The Chaotic Mind and the Purpose of Philosophy

Micha's earlier post really got me to thinking. What does one do when one's earliest memories are thoughts of suicide? Most turn to religion to help bring peace to their mind. I tried that. Although when your first memories (around age 7 for me) are suicidal, your worldview tends to be a rather amorphous agnosticism. This drew me to philosophy. (I bet you already figured out that I was talking about myself. Give yourself a reward. ;-)

My mind remained in chaos, but at least I was able to find tools to manage that chaos. Eventually, I broke out of the amorphous mush of agnosticism and began to make my way into existentialism. By junior high, my particular brand of existentialism consisted heavily of Nietzsche, the scientific method, Socrates, and a surprisingly persistent bit of Voodooism/animism that I picked up while in Southern Louisiana. From the internet, I picked up discordianism. (In case your wondering, I'm a second generation libertarian on my dad's side ;-)

Then my chaotic mind became excessively so at the end of my freshman year in college... I experienced clinical psychosis. I was never a threat to others. I had synthesized Nietzsche's Thus Spake Zarathustra with Plato's Republic. Reality became the variable in order to permit this feat of mental gymnastics, but reality didn't stop varying. Every new bit of datum I gained regardless of whether it was graffiti on the wall, a cartoon on television, or the minute hand on a watch got integrated into this synthesizing monster that had become my mind.

For the first time in my life, the chaos internal had become for me also the chaos external. It took me less than a day to commit myself to a private psychiatric hospital. (I was insane not stupid. ;-) That night, as I was lying strapped to the bed staring out of the skylight, I was uncertain that time was passing. I thought, "Just because the sun came up repeatedly in the past, I could not know that it would come up again, tomorrow." Although a bird might fly by your window eight times, there is no certainty that it will come by a ninth.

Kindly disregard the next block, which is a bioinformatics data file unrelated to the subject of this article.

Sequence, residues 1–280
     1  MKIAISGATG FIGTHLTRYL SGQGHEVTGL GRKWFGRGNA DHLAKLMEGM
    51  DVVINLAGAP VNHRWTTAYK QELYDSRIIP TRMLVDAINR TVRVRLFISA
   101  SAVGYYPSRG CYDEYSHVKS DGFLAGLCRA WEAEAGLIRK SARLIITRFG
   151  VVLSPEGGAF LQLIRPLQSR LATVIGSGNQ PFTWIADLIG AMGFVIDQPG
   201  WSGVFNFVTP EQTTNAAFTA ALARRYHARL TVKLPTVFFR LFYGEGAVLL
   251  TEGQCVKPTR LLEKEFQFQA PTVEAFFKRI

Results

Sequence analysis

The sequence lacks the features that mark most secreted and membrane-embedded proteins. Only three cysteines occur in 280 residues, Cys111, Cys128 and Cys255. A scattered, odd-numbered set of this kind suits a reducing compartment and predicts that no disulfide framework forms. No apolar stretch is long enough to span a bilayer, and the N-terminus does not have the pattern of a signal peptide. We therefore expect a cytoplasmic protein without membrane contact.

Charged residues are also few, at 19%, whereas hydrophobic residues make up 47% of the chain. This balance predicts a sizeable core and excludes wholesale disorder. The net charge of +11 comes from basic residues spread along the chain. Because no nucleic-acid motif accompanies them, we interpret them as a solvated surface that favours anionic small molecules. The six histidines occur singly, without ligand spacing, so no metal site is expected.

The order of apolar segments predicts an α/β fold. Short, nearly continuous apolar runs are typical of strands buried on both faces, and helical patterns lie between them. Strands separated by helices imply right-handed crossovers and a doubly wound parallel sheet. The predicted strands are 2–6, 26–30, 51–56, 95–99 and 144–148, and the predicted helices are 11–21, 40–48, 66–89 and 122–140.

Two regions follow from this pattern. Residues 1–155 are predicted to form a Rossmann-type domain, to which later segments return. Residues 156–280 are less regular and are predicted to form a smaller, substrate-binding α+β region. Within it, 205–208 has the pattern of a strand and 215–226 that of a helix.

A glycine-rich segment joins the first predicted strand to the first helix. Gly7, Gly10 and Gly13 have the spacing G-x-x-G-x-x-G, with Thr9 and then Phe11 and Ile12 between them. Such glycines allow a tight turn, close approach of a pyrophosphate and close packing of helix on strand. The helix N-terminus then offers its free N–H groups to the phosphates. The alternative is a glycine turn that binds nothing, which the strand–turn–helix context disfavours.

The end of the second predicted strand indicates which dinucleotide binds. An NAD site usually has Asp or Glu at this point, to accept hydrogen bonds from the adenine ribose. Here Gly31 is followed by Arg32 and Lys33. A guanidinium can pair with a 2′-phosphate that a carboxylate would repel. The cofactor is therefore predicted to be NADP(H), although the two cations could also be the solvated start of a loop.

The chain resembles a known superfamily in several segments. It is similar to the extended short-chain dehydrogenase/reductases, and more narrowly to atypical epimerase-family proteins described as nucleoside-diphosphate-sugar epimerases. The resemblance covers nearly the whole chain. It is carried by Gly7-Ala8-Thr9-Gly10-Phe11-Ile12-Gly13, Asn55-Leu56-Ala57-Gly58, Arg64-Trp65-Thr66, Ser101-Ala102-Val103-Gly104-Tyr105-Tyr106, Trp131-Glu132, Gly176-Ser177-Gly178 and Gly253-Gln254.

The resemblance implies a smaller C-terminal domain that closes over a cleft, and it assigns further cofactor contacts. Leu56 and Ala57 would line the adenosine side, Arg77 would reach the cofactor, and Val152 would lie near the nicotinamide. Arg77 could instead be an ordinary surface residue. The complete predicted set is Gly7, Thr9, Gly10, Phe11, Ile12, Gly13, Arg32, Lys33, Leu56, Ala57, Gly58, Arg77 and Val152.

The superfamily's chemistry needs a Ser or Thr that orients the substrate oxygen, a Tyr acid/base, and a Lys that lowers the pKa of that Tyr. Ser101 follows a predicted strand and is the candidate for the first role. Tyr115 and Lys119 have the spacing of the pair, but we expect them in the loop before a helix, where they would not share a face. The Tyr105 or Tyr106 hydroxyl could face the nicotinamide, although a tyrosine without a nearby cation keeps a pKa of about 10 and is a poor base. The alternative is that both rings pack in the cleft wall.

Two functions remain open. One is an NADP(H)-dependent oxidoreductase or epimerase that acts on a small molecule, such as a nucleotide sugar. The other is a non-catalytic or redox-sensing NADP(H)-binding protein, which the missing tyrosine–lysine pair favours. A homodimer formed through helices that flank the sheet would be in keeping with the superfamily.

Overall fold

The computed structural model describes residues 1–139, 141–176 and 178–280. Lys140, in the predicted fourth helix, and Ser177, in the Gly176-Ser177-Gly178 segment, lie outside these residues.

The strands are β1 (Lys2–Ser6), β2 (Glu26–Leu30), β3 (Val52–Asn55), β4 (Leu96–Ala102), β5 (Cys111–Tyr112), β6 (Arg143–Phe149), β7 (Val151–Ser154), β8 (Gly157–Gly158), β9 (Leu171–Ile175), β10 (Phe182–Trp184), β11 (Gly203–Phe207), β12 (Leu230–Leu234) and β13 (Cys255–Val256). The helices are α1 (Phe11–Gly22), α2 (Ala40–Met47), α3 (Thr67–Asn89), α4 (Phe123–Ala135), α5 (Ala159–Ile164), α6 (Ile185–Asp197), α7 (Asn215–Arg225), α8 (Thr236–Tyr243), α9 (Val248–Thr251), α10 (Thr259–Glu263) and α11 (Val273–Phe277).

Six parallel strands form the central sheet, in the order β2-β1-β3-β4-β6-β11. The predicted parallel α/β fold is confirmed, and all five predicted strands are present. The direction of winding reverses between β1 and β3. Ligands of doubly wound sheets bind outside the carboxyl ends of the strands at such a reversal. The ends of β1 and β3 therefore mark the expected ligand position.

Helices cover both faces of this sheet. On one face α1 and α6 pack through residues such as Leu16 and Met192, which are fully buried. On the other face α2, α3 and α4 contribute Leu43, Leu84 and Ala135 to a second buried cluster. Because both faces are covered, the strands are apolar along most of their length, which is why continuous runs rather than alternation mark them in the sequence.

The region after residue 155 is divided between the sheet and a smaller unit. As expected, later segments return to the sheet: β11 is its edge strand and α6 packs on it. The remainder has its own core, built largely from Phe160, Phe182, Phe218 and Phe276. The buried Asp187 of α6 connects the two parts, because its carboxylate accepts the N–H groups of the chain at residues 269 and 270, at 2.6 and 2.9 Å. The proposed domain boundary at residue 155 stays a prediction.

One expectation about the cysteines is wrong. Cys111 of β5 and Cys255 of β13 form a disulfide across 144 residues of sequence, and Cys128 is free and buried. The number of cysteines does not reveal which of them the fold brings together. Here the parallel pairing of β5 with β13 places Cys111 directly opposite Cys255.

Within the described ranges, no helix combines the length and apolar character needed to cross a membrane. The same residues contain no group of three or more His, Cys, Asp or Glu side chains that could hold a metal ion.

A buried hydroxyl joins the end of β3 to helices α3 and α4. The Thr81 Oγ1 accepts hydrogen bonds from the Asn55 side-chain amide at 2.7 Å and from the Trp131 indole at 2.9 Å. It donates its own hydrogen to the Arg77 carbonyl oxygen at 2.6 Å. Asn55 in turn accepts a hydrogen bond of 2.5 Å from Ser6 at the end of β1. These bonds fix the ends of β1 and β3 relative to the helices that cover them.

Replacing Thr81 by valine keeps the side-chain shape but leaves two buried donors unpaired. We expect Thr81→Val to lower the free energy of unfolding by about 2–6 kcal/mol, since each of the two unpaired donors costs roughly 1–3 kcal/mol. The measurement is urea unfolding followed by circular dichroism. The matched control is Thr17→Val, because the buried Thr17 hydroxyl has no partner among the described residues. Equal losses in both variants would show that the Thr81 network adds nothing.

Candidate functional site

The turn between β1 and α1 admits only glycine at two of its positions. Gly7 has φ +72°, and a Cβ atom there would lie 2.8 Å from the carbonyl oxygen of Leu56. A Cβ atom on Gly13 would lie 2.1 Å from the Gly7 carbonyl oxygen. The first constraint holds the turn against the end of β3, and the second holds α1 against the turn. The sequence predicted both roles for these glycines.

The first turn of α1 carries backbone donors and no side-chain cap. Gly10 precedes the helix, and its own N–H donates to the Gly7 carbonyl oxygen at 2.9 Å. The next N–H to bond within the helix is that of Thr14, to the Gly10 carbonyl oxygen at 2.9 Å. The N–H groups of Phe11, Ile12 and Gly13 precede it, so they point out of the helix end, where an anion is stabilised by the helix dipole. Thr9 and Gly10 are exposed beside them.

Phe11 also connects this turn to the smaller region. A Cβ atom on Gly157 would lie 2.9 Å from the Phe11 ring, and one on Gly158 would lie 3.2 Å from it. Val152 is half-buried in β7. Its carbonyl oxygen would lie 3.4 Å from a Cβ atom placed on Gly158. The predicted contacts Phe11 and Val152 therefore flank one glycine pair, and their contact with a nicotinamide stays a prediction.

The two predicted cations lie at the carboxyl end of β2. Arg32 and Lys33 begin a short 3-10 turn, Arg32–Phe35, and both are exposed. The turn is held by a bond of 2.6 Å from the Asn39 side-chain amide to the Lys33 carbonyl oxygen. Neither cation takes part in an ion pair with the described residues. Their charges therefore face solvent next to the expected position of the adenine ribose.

At this point, my earlier epistemic process began a reversal. It occured to me that perhaps nothing was true. My mind began to identify any possible contradictions. Whenever I came across one, I threw out both ideas. I eventually completed this exercise to find that I had thrown out almost everything. I felt empty. Yet, I still had something. I had what was implicit in that process.

I had the law of non-contradiction. Existentialists of all stripes believe that they can be certain that they as individuals exist. I found that even that was not foundational.

I had read something that Rand had written prior to going into that hospital. I had read Anthem. I still think that is the best introduction to Rand's work out there. The old Nietzschean in me still advises to skip most of the nonfiction and keep with the fiction. (I read the non-fiction anyway, but don't weight it as highly.)

It's true. I pity Kant. When I was Nietzschean, I despised Kant. I now know better partially through the influence of Rand and partially from an experience that I had sometime later.

People often debate the purpose of philosophy. I have known it thoughout most of my life. The purpose of philosophy is to make my life better.

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"The purpose of philosophy

"The purpose of philosophy is to make my life better."

Oh so you are THAT guy. I had no idea. Just teasing BilLee, I enjoyed the post.

BilLee, thanks for that

BilLee, thanks for that great post. Was the first psychiatric help you received after you were in college? No need to answer that, but if it was the case, I'm so sorry to hear you suffered dealing with the problem on your own for so long. Although, it is quite clear you are quite brilliant, what with all the channels you found for the chaos in your mind. Is there a book in you on this topic? You sound as if your recall is wonderfully clear, and back to age 7? I would think your insights would be invaluable.

~Michi

Hey, I was Nietzschean.

Hey, I was Nietzschean.

"From the Military School of Life. What does not kill me makes me stronger."
(Twilight of the Idols, "Maxims and Arrows" 8).

Rainbough actually remembers being in the crib at age 3. My memory is nothing compared to hers, but thanks for the compliments.